This does not mean that, in the right set of circumstances, an arbitration panel won’t award damages. It simply means that it has to be something more egregious than simply changing jobs. Having the manager and several brokers leave at the same time could be sufficient. Deleting data on a computer system could be sufficient. There are any number of bad acts that could lead to liability. But if a broker leaves “clean”, the likelihood of a firm prevailing in an arbitration is pretty slim.

That’s the view of one lawyer from Jupiter, Palm Beach County, Florida. I’m Marc Dobin.

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Chase Investment Services loses arbitration to Morgan Keegan

This is fun to talk about, because my firm (in the form of yours truly) represented Morgan Keegan. The firm was named in an arbitration by Chase Investment Services, Inc. because a former Washington Mutual investment representative left the firm just before Chase Investments and WaMu Investments merged in May 2009. Chase thought he shouldn’t have contacted his customers.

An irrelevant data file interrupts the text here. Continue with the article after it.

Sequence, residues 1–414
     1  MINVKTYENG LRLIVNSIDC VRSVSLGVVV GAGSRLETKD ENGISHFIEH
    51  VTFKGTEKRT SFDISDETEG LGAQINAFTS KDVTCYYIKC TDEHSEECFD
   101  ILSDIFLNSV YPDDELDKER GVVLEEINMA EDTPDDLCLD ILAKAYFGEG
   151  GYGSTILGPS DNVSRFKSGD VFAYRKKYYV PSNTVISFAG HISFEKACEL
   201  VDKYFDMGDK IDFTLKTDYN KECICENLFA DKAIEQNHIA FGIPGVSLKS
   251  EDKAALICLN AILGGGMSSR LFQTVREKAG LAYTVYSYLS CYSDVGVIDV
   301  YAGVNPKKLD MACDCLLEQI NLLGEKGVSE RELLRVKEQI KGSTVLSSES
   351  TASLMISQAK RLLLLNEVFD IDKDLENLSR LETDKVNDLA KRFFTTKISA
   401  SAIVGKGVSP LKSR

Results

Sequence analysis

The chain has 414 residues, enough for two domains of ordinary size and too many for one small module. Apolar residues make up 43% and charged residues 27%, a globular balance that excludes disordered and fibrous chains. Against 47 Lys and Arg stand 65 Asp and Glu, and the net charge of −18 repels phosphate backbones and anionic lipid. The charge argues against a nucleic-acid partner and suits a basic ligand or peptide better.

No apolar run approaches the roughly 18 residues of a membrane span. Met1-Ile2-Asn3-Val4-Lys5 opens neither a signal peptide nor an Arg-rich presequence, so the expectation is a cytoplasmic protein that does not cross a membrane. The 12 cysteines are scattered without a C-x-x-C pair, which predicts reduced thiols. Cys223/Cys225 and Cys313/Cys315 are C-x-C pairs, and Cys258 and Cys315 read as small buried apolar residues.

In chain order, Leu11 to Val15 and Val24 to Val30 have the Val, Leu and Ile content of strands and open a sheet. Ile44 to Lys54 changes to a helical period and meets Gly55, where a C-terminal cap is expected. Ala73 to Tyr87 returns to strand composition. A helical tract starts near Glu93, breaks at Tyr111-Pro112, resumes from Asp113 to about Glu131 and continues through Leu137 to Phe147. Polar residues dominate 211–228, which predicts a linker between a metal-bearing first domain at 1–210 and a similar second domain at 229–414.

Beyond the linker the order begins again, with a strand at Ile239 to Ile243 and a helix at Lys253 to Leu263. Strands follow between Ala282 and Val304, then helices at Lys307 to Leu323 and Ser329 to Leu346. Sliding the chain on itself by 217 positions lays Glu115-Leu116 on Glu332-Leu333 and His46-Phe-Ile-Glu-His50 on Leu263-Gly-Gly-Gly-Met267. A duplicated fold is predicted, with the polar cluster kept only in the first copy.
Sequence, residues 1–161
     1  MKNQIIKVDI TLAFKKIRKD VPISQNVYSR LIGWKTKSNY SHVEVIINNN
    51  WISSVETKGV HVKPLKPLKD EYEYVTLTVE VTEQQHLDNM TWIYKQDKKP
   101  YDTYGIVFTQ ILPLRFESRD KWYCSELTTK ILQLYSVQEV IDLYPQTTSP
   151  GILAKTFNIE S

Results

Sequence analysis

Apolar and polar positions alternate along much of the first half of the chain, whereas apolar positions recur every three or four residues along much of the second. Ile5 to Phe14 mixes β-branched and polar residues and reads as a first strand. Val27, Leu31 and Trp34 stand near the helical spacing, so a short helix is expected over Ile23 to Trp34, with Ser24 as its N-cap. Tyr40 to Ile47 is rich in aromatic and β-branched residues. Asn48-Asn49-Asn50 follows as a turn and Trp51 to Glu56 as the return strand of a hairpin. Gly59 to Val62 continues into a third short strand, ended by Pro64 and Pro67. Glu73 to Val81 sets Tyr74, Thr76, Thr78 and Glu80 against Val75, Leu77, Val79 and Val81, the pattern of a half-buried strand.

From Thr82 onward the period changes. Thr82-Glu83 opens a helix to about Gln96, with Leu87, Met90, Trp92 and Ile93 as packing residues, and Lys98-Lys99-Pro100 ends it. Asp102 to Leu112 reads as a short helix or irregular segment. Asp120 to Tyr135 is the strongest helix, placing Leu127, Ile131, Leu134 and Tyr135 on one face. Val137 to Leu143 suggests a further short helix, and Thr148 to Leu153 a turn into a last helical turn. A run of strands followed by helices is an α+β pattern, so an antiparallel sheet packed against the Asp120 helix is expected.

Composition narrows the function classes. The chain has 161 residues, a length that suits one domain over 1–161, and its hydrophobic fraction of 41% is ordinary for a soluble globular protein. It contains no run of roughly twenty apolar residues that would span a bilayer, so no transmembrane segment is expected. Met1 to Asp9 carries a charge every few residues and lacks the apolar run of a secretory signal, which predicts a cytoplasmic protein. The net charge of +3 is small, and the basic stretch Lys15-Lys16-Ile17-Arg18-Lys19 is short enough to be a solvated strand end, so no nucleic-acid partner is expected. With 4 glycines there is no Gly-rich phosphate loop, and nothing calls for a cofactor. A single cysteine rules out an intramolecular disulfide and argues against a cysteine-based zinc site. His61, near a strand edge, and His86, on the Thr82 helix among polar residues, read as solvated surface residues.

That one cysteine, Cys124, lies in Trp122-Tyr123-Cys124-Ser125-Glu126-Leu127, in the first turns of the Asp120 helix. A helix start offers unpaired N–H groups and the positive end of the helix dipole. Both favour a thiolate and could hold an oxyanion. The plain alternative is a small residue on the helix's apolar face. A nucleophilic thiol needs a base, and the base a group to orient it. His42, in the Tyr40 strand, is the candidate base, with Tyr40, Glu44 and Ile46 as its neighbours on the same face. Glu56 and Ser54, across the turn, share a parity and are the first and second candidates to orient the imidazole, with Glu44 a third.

Chase filed for an injunction and an arbitration. The final FINRA arbitration hearing took place in early March. The result was a complete victory for Morgan Keegan and the broker, Todd Rozzo. In fact, Rozzo was awarded $50,000 in damages for a wrongful injunction and custody of notebooks he had created while at WaMu. Kudos to my co-counsel, Chuck Dalziel and Stuart Sims, from Brock, Clay in Marietta, Georgia. These guys were a lot of fun to work with, and Chuck and I go waaaay back.

One part that was particularly fun was that I got to refer to one of my favorite television commercials. It’s called Washington Mutual “head scan”.

Just remember the phrase – “I hate it when these things don’t scan.”

You might recognize Jane Lynch from Glee and Tim DeKay from White Collar.

That’s the joyous view of one lawyer from Jupiter, Palm Beach County, Florida. I’m Marc Dobin.

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Securities America wants it both ways with Federal injunction strategy.

I am outraged. It’s no secret that I’m not a big fan of Securities America, the hapless offspring of American Express Financial Services (now Ameriprise). In fact, I’m kind of embarrassed that I own Ameriprise stock, if for the only reason that it owns Securities America. There may be other reasons, but I haven’t looked at the company that closely lately.

Those of you who know me will recall that, with my then-partner, my law firm obtained an arbitration award against Securities America for $5.4 million several years ago. In that case, the firm tried to assert, with a straight face, that a broker using a stolen identity was properly registered. The arbitrators disagreed.

This time around we have Medical Capital Holdings and Provident Royalties. Both of these companies turned out to be frauds and Securities America was a huge seller of these two products. The one at issue in the Federal case is MedCap.